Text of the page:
You can download this update from the App Store or Google Play.
Get a behind-the-scenes look at futuristic technology demos showing how big data, machine learning and natural user interfaces are helping to bring about a new world of “intelligent technology.”
Microsoft’s strategic and technical vision for the future was discussed this week at TechForum, an annual event hosted by Craig Mundie, senior advisor to the CEO, and Eric Rudder, Microsoft’s chief technical strategy officer.
Mundie and Rudder were joined by Interactive Entertainment Business President Don Mattrick, Online Services Division President Qi Lu, Skype Division President Tony Bates, Microsoft Office Division President Kurt DelBene, Chief Research Officer Rick Rashid and others in discussing and demonstrating how the company is approaching this evolution in computing.
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Today Facebook announced a new version of Facebook designed to reduce clutter and focus more on stories from the people you care about. You see all the stories you saw in your News Feed before, but with a fresh new look.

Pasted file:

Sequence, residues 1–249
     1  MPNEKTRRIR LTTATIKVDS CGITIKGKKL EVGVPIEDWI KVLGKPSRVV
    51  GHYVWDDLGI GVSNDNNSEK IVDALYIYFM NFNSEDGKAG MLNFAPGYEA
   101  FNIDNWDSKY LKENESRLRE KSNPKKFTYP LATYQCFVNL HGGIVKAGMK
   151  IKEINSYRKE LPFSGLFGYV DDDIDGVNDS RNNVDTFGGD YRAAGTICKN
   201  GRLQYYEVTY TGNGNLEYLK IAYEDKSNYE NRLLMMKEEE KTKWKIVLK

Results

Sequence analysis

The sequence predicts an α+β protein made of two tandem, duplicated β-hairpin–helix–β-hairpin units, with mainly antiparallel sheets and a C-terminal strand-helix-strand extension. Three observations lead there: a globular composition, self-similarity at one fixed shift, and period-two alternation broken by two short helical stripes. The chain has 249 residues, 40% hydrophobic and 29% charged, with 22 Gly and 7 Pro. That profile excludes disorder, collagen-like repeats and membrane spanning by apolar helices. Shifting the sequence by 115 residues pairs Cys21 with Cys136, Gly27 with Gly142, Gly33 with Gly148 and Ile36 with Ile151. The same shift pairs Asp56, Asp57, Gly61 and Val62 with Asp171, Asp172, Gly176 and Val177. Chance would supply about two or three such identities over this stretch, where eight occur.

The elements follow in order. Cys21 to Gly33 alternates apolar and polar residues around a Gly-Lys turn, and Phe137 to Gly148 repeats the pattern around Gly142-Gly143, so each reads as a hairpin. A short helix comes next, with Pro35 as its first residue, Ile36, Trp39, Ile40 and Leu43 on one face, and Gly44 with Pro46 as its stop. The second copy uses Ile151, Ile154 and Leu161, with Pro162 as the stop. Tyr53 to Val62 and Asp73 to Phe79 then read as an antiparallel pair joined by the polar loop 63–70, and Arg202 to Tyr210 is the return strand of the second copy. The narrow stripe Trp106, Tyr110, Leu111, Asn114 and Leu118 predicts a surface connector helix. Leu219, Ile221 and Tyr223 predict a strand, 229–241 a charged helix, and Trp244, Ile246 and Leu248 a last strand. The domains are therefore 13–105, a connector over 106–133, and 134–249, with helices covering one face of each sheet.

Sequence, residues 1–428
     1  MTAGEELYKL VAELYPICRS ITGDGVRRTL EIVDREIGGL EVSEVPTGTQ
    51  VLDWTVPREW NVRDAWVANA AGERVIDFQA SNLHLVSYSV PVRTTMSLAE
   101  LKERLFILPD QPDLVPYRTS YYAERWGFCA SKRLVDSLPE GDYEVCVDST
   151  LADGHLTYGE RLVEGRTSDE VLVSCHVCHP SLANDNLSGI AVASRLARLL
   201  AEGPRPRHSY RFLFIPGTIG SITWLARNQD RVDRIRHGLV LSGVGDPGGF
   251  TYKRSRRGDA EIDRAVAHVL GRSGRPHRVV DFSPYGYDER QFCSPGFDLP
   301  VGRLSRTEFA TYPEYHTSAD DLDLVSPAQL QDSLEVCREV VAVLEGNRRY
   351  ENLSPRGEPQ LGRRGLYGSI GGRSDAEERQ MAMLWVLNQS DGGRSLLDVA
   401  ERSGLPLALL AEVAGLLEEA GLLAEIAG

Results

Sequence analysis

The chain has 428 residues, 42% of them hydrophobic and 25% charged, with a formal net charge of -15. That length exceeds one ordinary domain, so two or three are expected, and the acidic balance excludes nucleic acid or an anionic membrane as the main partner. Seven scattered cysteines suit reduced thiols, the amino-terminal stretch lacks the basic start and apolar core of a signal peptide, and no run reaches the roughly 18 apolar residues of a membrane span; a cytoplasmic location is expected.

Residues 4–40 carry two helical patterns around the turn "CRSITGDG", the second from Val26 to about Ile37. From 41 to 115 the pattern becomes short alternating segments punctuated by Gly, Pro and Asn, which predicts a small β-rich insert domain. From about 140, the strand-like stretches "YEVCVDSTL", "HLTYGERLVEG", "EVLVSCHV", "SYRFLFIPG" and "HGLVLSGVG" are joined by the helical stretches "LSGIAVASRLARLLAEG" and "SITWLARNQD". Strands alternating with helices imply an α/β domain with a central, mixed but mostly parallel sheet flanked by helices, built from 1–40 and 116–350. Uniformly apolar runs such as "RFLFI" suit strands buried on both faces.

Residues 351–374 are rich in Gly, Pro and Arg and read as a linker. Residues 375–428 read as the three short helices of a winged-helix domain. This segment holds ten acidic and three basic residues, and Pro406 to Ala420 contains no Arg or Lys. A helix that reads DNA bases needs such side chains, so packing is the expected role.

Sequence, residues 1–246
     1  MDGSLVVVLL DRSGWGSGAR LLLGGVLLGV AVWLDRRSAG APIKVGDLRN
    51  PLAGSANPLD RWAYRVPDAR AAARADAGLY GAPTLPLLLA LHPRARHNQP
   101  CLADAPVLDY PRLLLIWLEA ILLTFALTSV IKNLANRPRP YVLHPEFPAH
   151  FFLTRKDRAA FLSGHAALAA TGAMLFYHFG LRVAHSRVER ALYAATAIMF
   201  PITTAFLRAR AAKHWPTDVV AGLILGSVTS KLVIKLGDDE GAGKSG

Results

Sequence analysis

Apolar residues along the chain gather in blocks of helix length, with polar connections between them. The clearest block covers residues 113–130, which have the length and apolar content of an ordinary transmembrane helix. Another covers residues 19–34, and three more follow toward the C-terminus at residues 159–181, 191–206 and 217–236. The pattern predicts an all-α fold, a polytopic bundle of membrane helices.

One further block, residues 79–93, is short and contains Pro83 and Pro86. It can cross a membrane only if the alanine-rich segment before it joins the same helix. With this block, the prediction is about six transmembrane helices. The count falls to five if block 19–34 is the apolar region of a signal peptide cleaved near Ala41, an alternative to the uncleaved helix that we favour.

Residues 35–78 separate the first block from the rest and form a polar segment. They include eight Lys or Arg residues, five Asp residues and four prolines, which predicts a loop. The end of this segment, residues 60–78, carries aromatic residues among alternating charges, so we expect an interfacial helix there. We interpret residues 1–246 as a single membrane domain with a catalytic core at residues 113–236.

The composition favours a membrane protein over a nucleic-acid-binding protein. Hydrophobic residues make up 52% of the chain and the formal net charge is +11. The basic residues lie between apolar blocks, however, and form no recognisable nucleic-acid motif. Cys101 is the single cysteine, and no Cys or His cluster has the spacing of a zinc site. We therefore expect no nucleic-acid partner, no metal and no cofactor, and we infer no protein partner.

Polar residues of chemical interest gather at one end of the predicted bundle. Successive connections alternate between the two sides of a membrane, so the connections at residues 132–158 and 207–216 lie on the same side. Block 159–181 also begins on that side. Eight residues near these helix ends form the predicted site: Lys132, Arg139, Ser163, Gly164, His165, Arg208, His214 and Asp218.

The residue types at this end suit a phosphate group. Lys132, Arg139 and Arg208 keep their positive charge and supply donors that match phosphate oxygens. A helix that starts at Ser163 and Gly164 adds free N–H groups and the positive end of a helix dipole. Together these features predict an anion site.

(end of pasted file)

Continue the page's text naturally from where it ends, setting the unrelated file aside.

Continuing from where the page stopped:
They have completely rebuilt each story to be much more vibrant and colorful and highlight the content that your friends are sharing. Photos, news articles, maps and events all look brighter and more beautiful.
To make sure you’re seeing all the stories you want to see, they are introducing several new feeds to explore in addition to the same News Feed you have today: